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Mass confusion over pension drawdown

Written by: Emma Lunn
More than half of retirees in pension drawdown – about 307,000 people – are unaware they can vary their income up and down, or stop it altogether.

Research by insurer Zurich found that half (52 per cent) of over-55s taking an income in drawdown didn’t know they could reduce the value of their withdrawals, and more than half (56 per cent) were unaware they can stop them – despite income flexibility being a defining feature of the pension drawdown product.

Zurich’s study questioned 2,000 people who have unlocked their savings since the 2015 pension reforms. It found what Zurich calls a ‘critical gap in consumer awareness’ is leaving drawdown investors at risk of draining their retirement savings too rapidly, especially if markets drop.

More than 615,000 people in drawdown could be exposed if stock markets plunge. If shares tumble, investors risk falling into to a trap known as ‘pound-cost-ravaging’. This is where, as stock prices drop, retirees are forced to sell more investments to achieve the same level of income, depleting the capital of their pot quicker, and reducing its future growth.

Alistair Wilson, Zurich’s head of retail platform strategy, said: “Investors taking a fixed level of income in drawdown could struggle to sustain their pots throughout retirement. Drawdown gives people the flexibility to shift their income up or down as their spending needs change, or markets fluctuate, yet a staggering proportion of people are seemingly in the dark over the control they have.

“If investment returns come to a sudden halt, savers need to be prepared to step on the income brakes. People who are unaware they can slow down, or stop their income, could seriously damage their savings, and deplete their pots too soon.”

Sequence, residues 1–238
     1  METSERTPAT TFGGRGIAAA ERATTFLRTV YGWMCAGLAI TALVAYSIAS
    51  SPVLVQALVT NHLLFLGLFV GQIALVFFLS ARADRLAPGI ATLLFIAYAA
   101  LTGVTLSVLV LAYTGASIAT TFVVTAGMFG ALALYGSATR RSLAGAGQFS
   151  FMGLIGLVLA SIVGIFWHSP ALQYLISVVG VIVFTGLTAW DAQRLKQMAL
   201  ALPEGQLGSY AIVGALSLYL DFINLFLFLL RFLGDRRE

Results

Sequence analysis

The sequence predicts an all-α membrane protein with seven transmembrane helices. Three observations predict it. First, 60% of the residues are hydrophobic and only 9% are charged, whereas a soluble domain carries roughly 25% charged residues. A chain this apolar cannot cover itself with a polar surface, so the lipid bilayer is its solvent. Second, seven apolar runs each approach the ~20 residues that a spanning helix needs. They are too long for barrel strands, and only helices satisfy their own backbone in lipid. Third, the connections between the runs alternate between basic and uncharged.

Zurich suggests savers protect their portfolio from pound-cost-ravaging by holding up to two years’ worth of living expenses in cash, which reduces the need to sell investments when prices are falling, giving them a chance to ride out short-term bumps in the stock market.

Alternatively, limiting withdrawals to the ‘natural’ income from share dividends or bonds leaves the underlying investment intact, giving it a better chance to regain lost ground when markets recover.

The importance of advice

Zurich found significant differences between consumers who have sought advice and those who haven’t. Just 35 per cent of non-advised consumers understood they could reduce their drawdown income, compared to 77 per cent of people getting ongoing advice.

Wilson said: “Investors are making complex choices in drawdown without fully understanding how it works. To overcome this critical gap in consumer awareness, it’s important that people engage with their savings in drawdown, ideally with the help of a financial adviser.”

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